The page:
Here are the benefits for Honda CPO vehicles:

  • 7-year/100,000-mile Powertrain Warranty
  • Up to 5-year/86,000-mile Limited Warranty
  • 182-point Vehicle Inspection
  • Roadside Assistance during Warranty Coverage
  • Two Complimentary Oil Changes

Most of these benefits are offered for both Certified and Certified+ vehicles – the difference is in terms of the non-powertrain warranty. Certified+ vehicles add onto the original 3-year/36,000-mile new-vehicle warranty with an additional 2 years or 50,000 miles of coverage starting when the original warranty ends. For Certified vehicles, the non-powertrain warranty depends on if the original new-vehicle warranty is still in effect. In either case, the CPO warranty is for 12 months or 12,000 miles, and it starts either when the new-vehicle warranty ends or immediately if the CPO vehicle is sold after the original warranty has expired.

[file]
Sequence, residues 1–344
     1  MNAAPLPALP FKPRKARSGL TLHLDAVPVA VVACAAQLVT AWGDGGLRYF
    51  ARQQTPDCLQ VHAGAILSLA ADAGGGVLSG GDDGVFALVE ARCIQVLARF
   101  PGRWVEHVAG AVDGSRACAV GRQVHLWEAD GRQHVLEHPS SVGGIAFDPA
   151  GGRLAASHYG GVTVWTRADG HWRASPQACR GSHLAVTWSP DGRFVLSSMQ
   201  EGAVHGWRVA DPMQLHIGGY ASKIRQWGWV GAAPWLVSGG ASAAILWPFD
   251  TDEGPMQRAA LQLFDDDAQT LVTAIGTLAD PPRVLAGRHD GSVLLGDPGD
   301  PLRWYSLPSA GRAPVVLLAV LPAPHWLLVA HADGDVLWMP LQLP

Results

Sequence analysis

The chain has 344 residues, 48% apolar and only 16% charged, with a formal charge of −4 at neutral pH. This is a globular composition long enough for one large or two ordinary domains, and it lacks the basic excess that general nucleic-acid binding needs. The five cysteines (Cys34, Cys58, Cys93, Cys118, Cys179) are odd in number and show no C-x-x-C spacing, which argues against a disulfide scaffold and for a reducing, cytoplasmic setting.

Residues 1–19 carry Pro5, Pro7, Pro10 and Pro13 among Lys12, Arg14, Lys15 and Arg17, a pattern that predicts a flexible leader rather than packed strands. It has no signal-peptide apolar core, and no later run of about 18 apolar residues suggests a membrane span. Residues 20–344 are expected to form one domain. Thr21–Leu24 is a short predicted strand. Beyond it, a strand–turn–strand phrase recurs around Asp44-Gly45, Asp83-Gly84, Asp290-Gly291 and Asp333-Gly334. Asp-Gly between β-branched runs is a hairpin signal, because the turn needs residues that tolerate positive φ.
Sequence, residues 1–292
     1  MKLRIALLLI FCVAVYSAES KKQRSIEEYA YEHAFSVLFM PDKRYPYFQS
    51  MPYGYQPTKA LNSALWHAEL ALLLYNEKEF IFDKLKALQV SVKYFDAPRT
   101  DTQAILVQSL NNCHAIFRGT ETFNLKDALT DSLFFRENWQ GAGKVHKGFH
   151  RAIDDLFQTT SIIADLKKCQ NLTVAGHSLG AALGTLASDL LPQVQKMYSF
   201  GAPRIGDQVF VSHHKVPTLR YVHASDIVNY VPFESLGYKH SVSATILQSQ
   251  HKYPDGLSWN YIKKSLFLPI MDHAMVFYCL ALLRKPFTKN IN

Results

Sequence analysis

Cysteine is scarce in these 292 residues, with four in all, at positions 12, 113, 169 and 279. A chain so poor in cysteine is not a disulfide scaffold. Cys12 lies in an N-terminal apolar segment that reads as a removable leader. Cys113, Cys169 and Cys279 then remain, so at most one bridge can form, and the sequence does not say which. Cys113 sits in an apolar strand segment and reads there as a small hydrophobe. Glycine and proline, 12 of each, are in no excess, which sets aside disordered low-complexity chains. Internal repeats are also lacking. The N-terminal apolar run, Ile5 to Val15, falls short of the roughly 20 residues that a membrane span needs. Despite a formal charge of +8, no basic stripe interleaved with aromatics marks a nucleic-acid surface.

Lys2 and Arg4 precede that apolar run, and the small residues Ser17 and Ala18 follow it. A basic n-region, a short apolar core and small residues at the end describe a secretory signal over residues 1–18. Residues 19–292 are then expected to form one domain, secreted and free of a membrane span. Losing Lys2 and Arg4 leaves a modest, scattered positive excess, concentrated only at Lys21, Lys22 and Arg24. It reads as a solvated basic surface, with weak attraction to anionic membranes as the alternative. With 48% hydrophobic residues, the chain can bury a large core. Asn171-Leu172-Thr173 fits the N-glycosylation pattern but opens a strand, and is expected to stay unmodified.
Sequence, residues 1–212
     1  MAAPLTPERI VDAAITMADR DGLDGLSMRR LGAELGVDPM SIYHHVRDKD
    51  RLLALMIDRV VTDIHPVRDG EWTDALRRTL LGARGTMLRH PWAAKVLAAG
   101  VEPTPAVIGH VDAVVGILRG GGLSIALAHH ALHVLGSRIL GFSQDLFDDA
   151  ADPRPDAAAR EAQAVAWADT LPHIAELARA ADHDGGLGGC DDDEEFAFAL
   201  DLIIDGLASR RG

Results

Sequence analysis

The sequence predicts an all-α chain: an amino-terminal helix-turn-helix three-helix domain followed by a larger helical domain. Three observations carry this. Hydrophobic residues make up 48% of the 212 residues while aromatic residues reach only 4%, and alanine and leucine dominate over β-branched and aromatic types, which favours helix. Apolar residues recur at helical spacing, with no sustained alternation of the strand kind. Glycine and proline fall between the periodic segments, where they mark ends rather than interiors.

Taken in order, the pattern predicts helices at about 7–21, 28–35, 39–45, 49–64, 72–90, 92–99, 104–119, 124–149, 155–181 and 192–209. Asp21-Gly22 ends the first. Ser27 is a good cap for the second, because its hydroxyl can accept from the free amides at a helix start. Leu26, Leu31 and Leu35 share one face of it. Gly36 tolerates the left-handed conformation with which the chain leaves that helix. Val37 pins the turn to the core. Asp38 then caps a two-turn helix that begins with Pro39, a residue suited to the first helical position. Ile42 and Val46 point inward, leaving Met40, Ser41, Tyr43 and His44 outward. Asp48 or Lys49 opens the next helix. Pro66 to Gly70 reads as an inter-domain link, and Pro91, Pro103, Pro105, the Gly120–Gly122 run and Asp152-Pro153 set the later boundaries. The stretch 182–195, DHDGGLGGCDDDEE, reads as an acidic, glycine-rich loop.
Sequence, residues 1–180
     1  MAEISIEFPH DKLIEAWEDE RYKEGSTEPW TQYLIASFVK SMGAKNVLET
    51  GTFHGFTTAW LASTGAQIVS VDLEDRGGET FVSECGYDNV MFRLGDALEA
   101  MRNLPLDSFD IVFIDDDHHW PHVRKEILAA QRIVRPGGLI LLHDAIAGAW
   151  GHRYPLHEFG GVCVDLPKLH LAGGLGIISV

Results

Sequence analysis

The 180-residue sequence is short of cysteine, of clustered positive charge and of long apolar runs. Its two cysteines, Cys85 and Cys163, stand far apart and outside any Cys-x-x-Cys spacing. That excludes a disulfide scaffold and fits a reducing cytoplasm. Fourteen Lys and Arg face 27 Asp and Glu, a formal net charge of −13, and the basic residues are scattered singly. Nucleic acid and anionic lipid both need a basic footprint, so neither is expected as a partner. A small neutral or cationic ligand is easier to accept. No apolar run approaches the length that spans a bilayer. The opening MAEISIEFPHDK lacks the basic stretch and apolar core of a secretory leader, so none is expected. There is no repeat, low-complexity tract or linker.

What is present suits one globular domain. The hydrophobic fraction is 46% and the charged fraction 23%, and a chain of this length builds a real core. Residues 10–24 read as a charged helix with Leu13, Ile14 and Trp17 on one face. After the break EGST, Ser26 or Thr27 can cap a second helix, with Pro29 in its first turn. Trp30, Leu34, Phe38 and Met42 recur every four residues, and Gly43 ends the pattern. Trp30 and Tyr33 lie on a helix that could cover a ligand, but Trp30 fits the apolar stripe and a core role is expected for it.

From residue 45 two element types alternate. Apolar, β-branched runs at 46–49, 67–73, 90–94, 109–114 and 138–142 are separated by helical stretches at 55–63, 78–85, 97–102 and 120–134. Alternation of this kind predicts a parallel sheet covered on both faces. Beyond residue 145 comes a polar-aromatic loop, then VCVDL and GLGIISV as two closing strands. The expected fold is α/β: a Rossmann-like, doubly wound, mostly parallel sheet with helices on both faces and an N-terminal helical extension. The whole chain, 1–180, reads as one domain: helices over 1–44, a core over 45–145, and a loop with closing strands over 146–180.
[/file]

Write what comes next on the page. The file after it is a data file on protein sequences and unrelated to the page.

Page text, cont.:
A white 2019 Chevy Cruze is shown parked on the beach.

CPO Specs: GM

GM has a more straightforward CPO program since they only have one option, so you don’t have to worry about which bumper-to-bumper warranty you get. These CPO terms are used for most GM vehicles, including Chevy, Buick, and GMC – it’s worth noting that the Cadillac CPO program is similar but with a few differences that I won’t get into here. The benefits for these GM CPO vehicles include:

  • 6-year/100,000-mile Powertrain Warranty
  • 12-month/12,000-mile Limited Warranty
  • 172-point Vehicle Inspection
  • Roadside Assistance during Powertrain Warranty Coverage
  • Two Complimentary Oil Changes